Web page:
Carrefour Nunavut helps Nunavut Tourism build French website

Tourism promoters hope to attract more francophones


Here’s a screen capture showing the French-language version of Nunavut Tourism’s new website. (SCREEN GRAB)

Here’s a screen capture showing the French-language version of Nunavut Tourism’s new website. (SCREEN GRAB)

Francophones can now read the Nunavut Tourism website — en français.

The website — — has only been available to English and German speakers until now, according to an Oct. 2 news release from the non-profit francophone group Carrefour Nunavut.

“Knowing that many visitors to the region are francophone and that this clientele is still not well targeted by Nunavut tourism marketing campaigns, it had been quite some time since we wanted the Nunavut Tourism website to be available in French,” said Danielle Samson, the director of Carrefour Nunavut.

All users have to do is click the language option on the drop down menu on the top right hand side of the page, and switch it to French.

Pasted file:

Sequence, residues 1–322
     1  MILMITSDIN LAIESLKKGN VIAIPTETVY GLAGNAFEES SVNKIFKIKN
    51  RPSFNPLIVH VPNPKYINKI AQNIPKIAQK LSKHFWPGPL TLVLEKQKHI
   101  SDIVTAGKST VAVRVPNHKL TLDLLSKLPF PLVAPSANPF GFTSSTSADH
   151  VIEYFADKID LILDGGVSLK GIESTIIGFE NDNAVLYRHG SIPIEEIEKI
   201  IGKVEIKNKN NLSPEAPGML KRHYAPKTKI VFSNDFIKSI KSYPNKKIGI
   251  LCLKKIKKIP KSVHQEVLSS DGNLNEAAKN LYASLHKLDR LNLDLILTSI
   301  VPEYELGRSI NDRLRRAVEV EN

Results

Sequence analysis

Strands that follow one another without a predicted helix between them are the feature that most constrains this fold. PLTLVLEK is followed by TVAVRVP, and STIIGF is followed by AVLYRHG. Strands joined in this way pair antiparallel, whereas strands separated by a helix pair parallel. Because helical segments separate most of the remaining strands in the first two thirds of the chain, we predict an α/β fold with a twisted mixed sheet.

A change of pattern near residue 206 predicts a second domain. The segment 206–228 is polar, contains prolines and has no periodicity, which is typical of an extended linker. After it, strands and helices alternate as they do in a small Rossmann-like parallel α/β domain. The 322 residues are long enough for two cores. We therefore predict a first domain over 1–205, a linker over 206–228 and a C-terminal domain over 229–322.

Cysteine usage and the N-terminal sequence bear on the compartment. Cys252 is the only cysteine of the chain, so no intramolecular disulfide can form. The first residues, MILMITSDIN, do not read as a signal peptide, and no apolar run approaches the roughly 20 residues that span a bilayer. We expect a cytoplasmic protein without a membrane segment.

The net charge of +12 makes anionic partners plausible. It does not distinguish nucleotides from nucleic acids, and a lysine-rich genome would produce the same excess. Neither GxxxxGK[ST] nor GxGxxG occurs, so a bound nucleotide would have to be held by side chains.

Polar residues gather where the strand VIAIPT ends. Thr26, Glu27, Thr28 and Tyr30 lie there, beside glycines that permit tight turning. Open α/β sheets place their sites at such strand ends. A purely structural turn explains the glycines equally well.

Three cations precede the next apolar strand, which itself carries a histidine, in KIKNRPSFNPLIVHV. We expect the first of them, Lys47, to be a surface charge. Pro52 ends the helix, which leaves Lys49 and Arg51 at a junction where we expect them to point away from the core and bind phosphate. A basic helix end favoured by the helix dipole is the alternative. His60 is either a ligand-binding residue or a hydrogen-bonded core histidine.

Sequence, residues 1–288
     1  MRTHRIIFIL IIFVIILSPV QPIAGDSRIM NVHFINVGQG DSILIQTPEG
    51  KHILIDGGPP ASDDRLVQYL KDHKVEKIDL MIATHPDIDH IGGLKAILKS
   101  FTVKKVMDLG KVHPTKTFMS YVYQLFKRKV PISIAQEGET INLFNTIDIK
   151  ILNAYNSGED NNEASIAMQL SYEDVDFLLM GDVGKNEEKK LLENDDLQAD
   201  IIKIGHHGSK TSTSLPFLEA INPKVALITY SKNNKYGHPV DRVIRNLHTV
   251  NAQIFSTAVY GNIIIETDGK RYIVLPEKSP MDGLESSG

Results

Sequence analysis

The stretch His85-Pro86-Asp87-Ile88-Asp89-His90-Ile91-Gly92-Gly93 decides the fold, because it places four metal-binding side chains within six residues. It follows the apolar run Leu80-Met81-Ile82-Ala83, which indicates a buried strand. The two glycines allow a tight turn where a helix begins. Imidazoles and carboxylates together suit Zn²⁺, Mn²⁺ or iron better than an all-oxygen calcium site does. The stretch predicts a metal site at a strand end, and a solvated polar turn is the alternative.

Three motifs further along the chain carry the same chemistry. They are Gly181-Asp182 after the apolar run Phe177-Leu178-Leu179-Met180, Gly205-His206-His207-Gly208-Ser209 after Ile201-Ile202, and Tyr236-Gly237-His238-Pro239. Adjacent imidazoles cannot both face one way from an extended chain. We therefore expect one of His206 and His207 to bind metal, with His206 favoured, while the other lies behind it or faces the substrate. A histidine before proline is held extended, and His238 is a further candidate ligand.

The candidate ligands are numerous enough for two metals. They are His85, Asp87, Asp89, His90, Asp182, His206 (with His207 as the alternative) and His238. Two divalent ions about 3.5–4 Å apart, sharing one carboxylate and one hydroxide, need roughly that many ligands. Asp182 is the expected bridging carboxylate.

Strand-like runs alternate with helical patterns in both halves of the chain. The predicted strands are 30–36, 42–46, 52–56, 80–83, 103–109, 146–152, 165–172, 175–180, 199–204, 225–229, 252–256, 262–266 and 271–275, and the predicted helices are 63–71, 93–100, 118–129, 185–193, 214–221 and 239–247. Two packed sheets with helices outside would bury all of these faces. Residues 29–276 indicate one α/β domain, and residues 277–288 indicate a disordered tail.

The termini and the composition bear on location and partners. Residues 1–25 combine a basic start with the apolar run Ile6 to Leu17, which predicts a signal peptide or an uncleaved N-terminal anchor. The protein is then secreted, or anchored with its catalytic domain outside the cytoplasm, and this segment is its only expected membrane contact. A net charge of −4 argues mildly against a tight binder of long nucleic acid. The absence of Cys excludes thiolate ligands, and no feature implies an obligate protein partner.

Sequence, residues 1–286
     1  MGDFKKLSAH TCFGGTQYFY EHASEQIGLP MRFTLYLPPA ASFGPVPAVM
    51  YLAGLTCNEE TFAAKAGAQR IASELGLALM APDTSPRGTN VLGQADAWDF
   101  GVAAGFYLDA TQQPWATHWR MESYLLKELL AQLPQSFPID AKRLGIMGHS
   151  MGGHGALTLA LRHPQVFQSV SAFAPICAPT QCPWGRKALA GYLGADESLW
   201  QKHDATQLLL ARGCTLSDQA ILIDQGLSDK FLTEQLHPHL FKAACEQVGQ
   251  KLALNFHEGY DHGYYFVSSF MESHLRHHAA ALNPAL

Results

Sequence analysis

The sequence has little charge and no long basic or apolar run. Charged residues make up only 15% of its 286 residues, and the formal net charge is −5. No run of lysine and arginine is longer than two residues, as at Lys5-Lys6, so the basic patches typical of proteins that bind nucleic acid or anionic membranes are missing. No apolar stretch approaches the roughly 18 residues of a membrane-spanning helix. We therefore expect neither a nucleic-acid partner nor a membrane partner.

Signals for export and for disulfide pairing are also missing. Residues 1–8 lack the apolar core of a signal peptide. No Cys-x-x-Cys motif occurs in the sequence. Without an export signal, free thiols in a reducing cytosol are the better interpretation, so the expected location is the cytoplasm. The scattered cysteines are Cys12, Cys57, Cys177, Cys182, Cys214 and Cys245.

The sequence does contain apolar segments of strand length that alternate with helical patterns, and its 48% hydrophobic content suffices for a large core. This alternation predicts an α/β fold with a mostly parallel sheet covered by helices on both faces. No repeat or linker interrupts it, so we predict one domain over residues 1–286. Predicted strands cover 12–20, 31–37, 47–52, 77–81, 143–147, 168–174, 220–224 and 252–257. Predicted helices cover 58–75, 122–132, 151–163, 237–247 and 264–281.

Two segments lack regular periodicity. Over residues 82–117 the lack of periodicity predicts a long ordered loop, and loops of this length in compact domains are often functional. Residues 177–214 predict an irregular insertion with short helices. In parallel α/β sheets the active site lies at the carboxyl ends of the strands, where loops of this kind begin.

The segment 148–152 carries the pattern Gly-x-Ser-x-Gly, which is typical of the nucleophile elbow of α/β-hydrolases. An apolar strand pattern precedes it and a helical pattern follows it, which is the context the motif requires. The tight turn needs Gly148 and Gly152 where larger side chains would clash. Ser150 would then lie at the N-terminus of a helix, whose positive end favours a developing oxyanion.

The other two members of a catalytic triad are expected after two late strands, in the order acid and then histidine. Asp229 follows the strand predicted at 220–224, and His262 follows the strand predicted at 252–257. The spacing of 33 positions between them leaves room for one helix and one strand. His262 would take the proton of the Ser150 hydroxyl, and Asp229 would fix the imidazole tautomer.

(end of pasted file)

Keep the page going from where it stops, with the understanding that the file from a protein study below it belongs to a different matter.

Carrefour said the website receives over 100,000 visits per year, and the executive director of Nunavut Tourism, Colleen Dupuis, said the French option will “enable more tourists looking to visit Nunavut to obtain relevant information.”

The Iqaluit business, Cuerrier et associés, translated the website, with financing from the Government of Nunavut’s department of Culture and Heritage.

The idea of adding on French came when an inter-territorial website called Le Nord canadien was created — a project funded by the Canada Northern Economic Development Agency that promotes the three Canadian territories in French.

The website, created in 2010 for the Vancouver Olympics, links visitors to the territories’ tourism pages, and supplies information through stories, videos and photo galleries in French.

That inspired Carrefour to urge that Nunavut Tourism offer a French version of their site.

“This initiative helps to meet the requirements of Nunavut’s Official Languages Act. The new Internet site will also help to open up francophone markets overseas,” Carrefour said in its news release.

Over 420,000 French tourists visit Canada each year according to Carrefour, and “the number of visitors to Canada from France has increased by 35 per cent over the past 10 years,” the release read.

Carrefour also launched a free tour guide project in August with preloaded iPods with French, Inuktitut and English audio guides for use by tourists while walking around Iqaluit.

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